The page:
Increased focus on sophisticated threats by enterprise security teams are driving threat groups to adopt unconventional targeting and exploitation techniques by using borrowed infrastructure from trusted parties to carry out malicious exploitation activities.
The attackers are simply repurposing seemingly benig Service Profile Infrastructure (SPI) to ensure additional survivability of their exploitation operations, knowing all the while that most enterprises are unable to inspect high volume web traffic, or mitigate traffic to such services. As an example, a Chinese threat group has been observed by Cyber Squared staging a malicious document containing a custom backdoor that interacts with WordPress, then delivering it via Dropbox. In doing so, the attackers did not have to compromise the "easy to mitigate" midpoint infrastructure that has been previously seen in traditional targeted attacks; such as SMTP relay servers or web servers.
The Chinese cyberspies behind the espionage campaign against The New York Times had also used Dropbox and WordPress.
The 'DNSCalc gang' has been using the Dropbox file-sharing service for roughly the last 12 months as a mechanism for spreading malware, said Rich Barger, chief intelligence officer for Cyber Squared.
The gang is among 20 Chinese groups identified this year by security firm Mandiant that launch cyberattacks against specific targets to steal information.
The attackers did not exploit any vulnerabilities in Dropbox or WordPress. Instead, they opened up accounts and used the services as their infrastructure. They uploaded on Dropbox a .ZIP file disguised as belonging to the U.S.-ASEAN Business Council. Messages were then sent to people or agencies that would be interested in the draft of a Council policy paper. The paper, contained in the file, was legitimate.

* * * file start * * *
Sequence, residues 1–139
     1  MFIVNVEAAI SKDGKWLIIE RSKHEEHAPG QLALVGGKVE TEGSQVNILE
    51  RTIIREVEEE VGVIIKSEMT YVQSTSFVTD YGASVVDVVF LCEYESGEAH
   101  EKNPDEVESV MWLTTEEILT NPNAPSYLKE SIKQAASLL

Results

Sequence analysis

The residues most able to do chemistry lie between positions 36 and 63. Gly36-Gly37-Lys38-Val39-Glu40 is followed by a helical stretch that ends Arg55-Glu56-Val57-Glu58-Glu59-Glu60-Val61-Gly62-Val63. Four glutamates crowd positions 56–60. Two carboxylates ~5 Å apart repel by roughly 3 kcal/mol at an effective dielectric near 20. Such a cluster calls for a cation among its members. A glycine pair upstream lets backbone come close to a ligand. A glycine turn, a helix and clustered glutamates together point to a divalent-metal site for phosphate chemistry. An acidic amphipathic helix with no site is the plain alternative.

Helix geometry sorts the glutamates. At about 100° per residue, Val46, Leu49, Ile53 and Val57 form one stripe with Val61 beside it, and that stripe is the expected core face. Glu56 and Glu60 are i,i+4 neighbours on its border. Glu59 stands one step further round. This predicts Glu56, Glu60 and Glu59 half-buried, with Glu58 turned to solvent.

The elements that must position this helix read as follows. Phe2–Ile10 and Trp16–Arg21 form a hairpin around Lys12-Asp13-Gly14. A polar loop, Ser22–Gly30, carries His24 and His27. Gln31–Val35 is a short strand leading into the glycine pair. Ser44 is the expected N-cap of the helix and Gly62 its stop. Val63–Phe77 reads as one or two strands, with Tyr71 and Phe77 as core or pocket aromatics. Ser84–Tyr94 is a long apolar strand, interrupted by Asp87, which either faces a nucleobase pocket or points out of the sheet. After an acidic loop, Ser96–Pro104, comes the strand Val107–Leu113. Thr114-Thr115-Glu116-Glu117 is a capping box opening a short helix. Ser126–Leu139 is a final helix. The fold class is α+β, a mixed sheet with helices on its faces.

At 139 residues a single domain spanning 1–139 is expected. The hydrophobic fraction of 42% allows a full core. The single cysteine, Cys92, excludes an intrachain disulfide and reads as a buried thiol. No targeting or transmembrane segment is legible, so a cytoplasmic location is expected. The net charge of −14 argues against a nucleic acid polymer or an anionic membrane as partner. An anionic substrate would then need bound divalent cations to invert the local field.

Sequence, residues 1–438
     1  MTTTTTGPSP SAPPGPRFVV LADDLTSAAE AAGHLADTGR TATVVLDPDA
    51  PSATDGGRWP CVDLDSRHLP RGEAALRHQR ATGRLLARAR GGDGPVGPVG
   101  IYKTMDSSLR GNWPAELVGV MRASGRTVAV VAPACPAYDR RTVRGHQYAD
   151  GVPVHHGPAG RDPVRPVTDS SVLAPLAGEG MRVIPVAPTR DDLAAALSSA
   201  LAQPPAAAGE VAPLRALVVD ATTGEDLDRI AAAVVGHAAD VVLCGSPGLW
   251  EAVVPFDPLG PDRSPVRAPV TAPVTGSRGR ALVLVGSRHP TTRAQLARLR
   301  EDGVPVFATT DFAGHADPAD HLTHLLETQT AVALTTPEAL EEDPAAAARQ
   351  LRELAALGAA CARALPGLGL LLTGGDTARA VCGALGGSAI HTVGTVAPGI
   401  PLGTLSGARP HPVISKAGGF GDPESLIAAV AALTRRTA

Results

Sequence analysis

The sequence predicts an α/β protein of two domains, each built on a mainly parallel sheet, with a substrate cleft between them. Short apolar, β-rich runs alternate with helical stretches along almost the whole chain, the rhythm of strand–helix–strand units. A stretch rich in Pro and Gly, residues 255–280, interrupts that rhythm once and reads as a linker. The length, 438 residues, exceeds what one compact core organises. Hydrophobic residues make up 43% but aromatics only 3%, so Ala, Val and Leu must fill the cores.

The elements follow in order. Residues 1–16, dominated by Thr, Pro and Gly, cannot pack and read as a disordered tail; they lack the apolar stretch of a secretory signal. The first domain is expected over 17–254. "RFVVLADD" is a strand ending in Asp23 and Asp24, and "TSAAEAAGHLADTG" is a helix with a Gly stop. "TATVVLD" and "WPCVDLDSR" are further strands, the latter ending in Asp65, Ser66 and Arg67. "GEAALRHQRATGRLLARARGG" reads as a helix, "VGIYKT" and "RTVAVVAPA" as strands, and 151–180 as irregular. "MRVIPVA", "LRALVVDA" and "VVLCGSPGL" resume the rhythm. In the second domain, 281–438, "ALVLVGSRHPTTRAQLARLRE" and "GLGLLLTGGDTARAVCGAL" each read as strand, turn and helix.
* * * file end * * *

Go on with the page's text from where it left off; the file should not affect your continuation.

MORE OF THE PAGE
When a recipient unzipped the file, they saw another one that read, "2013 US-ASEAN Business Council Statement of Priorities in the US-ASEAN Commercial Relationship Policy Paper.scr." Clicking on the file would launch a PDF of the document, while the malware opened a backdoor to the host computer in the background.
Once the door was open, the malware would reach out to a WordPress blog created by the attackers. The blog contained the IP address and port number of a command and control server that the malware would contact to download additional software.
The best prevention is for security pros to share information when their companies are targeted, so others can draw up their own defense.